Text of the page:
Young Adults Least Informed About Health Care Reform

DECEMBER 05, 2013
Aimee Simone, Assistant Editor
A new poll from Gallup finds that young adults and those with low incomes report lower levels of familiarity with the Affordable Care Act than do older adults or those with higher incomes.

Getting those younger than 30 to sign up for health insurance provided through the Affordable Care Act is key to the law’s success, but a new poll conducted by Gallup finds that adults in this age group reported knowing the least about the law. The poll also found that those with low incomes, who stand to benefit the most from the law, know less about it than those with higher incomes.
The poll consisted of telephone interviews conducted from November 23 to 24, 2013, with a random sample of 1034 adults living throughout the country. Respondents were asked whether they were very familiar, somewhat familiar, not too familiar, or not familiar at all with the Affordable Care Act.
Overall, 72% of respondents reported some level of familiarity with the health care law—up from 68% in October. But when respondents were divided by age, adults aged 18 to 29 were the group least likely to be familiar with the law. Only 63% of these young adults were acquainted with Obamacare, compared with 77% of those aged 50 to 64. Although lower-income Americans are less likely to have health insurance and more likely to be affected by the law, these individuals were also less likely to be informed about it. While 90% of those with an income exceeding $90,000 per year were familiar with the law, just 70% of those with incomes below $90,000 reported familiarity.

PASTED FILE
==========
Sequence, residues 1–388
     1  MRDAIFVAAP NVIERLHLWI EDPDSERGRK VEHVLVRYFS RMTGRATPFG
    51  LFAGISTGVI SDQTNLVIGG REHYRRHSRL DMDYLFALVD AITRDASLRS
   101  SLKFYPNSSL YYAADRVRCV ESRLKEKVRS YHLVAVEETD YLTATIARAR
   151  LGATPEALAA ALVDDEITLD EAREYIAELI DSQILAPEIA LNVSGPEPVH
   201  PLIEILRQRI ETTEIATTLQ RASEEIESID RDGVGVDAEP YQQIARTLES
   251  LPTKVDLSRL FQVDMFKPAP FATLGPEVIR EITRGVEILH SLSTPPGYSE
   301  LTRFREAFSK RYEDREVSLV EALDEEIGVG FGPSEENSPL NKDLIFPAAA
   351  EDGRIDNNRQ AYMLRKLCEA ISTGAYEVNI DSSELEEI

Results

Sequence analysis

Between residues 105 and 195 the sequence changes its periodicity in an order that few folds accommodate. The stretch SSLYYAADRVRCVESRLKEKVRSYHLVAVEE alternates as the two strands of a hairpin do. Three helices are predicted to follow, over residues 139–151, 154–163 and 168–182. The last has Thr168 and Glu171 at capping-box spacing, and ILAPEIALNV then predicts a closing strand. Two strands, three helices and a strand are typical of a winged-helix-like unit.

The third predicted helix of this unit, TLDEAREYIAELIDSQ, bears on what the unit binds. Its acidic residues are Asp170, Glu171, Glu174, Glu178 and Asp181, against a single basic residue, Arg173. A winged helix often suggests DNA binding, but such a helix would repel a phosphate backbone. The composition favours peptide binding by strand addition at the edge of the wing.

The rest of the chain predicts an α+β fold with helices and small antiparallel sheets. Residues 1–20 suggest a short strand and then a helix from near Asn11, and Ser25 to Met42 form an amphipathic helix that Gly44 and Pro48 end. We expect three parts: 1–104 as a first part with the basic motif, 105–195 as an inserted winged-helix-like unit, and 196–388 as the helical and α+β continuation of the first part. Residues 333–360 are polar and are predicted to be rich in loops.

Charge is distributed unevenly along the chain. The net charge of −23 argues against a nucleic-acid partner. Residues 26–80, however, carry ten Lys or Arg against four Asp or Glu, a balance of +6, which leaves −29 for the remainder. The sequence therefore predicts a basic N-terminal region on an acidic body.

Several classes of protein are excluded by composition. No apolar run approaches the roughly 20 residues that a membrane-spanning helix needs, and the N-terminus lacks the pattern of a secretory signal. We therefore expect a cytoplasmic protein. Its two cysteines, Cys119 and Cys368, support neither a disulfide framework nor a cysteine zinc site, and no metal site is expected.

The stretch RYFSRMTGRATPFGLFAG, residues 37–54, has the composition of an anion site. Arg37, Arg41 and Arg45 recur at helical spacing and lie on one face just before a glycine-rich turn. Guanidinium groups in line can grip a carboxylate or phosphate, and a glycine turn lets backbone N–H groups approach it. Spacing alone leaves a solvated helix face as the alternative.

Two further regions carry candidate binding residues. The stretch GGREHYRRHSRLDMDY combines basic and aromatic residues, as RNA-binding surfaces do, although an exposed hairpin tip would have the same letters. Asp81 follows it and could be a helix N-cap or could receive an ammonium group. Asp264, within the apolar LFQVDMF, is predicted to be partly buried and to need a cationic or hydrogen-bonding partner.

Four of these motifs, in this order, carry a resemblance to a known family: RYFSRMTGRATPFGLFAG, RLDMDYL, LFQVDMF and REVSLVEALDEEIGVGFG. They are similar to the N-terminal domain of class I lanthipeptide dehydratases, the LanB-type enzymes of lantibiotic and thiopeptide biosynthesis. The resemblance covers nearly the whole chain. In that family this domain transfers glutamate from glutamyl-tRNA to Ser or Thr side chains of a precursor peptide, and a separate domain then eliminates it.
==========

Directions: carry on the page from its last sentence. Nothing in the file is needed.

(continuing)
Despite the fact that the law was passed entirely by Democrats in Congress, Democrats included in the poll were also significantly less likely to be familiar with the health care law than were Republicans. Just 65% of Democrats were acquainted with the law, while 88% of Republicans reported familiarity.
Although a majority of adults said they were familiar with the law, only a handful felt they knew it very well. Just 19% of respondents said they were very familiar with the law, while 53% were only somewhat familiar.
Respondents were also asked whether they approved or disapproved of the Affordable Care Act. Those who were familiar with the law were significantly more likely to oppose it than were those who were unfamiliar with it. Among those who reported familiarity, 40% approved of the law and 59% opposed it. Those who were not familiar with the law were evenly split, with 41% approving and 43% opposing. However, these differences in approval levels might be a reflection of political party associations rather than knowledge of the law, given that Republicans were more familiar with the law than were Democrats.

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